I press for an answer to my question as to whether the right hon. Gentleman is or is not collecting an Excise tax on glucose at present? Clearly there is no statutory authority for it.


We are collecting a Glucose Tax at the rates of 1s. 2d. and 10d.


The hon. Member for Dumfriesshire (Mr. Molteno) asserted that there was no preference given to any other article but sugar. I think he is wrong, and that there is a preference in the case of tobacco. There is a differential duty between the raw leaf and the manufactured tobacco, but that is not perhaps analogous. There has been, however, direct encouragement to tobacco growing in Ireland. I was very pleased that that was instituted by the late Government, and I hope it will be continued. When we come to consider the question of tobacco I shall be quite pleased if the Government see their way to do in the case of tobacco what they have already done for sugar. With regard to what was said by the last speaker, I would like to remind him that I feel a certain amount of diffidence in speaking about the matter, and I think he ought to do so because he accepted a bribe from Germany on sugar of £1 10s. per ton for many years, and by accepting that bribe he absolutely precluded his own countrymen from growing that sugar under equal conditions. I claim that all the people in this country were guilty of accepting the bribe, because it was nothing but a bribe when the German Government gave £1 10s. on every ton of sugar they exported out of Germany. That was done for no other reason but to ruin our Colonies and to prevent us in England from growing sugar. Having been guilty of accepting that bribe and hurting our own people, I think the least the hon. Member can do, or that any of us ought to do, is to be satisfied when an act of justice is being done to our own people, and that there should be no voice in this House raised against it.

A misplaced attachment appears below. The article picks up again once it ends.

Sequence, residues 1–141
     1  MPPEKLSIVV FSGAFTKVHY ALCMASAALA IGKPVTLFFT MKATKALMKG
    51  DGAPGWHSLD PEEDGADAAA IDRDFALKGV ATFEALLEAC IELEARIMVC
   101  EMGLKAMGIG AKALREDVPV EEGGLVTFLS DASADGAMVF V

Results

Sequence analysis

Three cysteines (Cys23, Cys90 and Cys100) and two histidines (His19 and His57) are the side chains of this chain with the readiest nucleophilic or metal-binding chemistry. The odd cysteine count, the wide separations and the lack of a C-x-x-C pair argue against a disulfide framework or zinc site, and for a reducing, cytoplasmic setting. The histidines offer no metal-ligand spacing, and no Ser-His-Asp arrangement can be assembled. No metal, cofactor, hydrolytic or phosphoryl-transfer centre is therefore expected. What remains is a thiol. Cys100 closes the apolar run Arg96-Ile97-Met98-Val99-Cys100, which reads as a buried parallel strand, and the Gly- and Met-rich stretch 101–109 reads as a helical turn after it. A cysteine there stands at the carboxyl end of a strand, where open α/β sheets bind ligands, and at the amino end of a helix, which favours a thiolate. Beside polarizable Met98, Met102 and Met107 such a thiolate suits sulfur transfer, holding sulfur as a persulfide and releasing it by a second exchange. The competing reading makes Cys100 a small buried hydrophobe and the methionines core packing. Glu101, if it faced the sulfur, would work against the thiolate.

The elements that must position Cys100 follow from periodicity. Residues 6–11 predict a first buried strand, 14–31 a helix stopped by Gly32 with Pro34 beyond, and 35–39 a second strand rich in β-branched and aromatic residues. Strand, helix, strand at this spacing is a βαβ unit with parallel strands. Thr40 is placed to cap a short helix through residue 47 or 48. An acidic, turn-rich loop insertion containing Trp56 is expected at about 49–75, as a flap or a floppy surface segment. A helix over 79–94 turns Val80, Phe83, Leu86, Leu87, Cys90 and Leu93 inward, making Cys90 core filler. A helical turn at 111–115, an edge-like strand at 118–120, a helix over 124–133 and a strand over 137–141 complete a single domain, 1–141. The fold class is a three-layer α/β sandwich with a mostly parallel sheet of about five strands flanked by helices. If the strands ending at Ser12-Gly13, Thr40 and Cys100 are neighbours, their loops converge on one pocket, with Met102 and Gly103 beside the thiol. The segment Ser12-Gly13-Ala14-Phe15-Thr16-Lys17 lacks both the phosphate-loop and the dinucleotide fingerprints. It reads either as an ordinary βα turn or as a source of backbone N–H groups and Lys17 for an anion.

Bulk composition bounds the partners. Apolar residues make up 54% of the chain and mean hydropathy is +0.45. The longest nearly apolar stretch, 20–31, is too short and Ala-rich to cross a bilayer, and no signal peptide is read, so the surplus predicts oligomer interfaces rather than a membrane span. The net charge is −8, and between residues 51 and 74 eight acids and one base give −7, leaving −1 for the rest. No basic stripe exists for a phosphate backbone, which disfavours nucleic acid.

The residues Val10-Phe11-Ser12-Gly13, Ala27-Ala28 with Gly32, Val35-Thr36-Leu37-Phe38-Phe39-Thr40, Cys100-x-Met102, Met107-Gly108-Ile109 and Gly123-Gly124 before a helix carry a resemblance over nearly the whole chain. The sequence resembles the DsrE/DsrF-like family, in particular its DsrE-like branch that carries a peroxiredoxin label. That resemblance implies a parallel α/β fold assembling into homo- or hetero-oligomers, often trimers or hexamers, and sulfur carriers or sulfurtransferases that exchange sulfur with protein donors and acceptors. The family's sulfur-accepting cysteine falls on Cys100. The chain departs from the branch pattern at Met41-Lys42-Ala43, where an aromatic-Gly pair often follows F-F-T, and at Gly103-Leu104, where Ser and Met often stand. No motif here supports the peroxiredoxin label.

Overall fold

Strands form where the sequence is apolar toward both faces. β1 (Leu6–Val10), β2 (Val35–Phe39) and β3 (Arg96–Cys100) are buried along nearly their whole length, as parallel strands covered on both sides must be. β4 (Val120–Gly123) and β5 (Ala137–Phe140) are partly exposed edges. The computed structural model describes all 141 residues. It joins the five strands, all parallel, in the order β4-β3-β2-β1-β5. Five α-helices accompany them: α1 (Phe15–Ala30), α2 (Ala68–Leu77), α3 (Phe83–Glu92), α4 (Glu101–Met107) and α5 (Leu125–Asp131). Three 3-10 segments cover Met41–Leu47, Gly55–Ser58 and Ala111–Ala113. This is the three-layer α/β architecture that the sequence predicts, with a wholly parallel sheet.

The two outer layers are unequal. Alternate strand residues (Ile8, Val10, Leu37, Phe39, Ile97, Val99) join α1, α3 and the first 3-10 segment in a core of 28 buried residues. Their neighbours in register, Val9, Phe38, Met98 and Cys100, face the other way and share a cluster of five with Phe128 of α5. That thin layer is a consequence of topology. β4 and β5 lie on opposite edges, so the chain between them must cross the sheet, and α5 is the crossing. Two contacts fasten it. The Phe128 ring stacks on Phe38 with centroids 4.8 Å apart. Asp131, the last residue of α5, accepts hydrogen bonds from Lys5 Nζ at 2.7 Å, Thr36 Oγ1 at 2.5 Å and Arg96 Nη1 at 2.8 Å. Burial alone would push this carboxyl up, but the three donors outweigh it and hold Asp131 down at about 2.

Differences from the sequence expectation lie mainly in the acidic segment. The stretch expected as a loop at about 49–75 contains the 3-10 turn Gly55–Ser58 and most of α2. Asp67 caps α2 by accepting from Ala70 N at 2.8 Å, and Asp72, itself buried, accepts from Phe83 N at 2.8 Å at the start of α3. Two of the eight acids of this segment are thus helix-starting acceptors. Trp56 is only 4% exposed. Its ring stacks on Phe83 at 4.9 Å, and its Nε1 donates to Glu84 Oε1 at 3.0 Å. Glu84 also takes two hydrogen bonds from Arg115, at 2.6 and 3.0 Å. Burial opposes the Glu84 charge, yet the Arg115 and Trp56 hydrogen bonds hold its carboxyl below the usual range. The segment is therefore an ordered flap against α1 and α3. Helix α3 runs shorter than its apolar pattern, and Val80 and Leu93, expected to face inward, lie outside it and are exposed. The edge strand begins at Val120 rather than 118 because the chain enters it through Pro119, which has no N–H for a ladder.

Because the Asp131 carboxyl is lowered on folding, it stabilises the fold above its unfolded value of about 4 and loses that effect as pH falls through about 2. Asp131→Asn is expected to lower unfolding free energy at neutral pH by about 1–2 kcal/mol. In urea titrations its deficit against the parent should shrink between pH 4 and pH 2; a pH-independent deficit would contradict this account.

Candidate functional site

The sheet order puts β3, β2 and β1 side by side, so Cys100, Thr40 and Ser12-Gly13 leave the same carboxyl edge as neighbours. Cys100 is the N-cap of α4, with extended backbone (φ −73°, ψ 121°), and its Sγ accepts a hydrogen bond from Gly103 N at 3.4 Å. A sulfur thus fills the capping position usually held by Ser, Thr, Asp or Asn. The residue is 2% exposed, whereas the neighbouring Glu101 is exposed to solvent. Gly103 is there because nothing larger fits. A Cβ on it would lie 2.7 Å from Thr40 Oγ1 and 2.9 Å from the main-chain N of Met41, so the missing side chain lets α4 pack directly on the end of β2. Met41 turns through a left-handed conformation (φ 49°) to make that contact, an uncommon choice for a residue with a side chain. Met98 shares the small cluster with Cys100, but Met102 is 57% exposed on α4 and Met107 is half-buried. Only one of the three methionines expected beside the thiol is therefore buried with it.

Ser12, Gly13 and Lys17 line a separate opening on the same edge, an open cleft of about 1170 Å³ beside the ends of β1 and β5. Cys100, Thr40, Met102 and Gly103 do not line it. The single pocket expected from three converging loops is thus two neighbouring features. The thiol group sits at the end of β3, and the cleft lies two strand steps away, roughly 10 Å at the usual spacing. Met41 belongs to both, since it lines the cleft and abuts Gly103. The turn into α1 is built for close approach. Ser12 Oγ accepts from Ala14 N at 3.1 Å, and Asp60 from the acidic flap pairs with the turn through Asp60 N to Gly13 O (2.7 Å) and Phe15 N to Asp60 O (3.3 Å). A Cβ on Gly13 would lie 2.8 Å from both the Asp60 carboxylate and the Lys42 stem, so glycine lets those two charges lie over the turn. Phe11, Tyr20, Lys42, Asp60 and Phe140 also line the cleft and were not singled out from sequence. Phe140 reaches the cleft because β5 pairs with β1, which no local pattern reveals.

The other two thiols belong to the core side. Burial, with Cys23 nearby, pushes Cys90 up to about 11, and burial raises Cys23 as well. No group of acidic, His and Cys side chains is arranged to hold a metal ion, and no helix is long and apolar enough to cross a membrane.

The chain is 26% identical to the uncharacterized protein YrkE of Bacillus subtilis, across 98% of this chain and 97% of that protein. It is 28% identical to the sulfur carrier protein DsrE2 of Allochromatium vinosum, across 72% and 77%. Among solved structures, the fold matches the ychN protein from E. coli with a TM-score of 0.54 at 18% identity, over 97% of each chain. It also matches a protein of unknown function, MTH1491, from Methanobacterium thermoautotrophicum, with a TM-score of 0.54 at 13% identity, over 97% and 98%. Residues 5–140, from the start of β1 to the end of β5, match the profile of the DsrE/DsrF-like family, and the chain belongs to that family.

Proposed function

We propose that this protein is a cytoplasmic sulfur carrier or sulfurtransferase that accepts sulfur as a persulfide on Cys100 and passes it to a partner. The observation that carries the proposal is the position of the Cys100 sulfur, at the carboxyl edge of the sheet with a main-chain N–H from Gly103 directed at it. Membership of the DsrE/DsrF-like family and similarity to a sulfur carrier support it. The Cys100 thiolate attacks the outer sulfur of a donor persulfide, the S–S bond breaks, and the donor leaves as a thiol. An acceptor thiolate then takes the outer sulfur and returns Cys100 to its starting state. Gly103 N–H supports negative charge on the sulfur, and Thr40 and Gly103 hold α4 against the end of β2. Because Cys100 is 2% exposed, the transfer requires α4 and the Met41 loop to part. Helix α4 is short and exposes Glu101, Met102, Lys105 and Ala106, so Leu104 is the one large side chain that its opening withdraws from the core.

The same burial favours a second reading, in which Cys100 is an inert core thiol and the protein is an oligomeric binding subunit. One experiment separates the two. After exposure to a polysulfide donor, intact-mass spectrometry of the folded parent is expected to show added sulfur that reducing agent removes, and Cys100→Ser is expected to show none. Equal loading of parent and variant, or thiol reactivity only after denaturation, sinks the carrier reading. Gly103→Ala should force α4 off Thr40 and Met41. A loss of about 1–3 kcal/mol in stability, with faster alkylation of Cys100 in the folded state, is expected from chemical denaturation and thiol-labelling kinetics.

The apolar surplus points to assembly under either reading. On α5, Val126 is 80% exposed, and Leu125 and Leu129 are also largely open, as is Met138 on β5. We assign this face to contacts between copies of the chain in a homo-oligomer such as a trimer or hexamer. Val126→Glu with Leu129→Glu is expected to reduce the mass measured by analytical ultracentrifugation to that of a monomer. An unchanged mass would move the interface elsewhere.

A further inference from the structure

I wish to join with those who have protested against this differentiation of duties, on the ground that it is the thin end of Protection. What arises out of this proposal is, that it allows private individuals to make a profit behind the tax by acting as private tax-gatherers. The Chancellor of the Exchequer tells us that we have to submit to a large increase of taxation, and he calls upon individuals to make great sacrifices, while at the same time he selects a certain section of producers and allows them to become pensioners upon the Exchequer, for that is what this protection of sugar producing in this country means. I know that the last Chancellor of the Exchequer refused to propose an Excise Duty on the ground that it would destroy an infant industry, but I think that we might have hoped for something better from the present Chancellor of the Exchequer. It shows that this is a compromise Budget, and that these duties are sops given to the Tariff Reformers in the Cabinet for the purpose of getting their acceptance of other taxes. During a time of war, of all times, when people are thinking in the main of what is happening in the field, it is most unjust that a system of taxation which has been twice rejected by the people should be sneaked in in this manner.

Question put, and agreed to.

Resolution reported,

8."That there shall be charged on a licence to be taken out annually by a manufacturer of sugar an Excise Duty of one pound."

Resolution agreed to.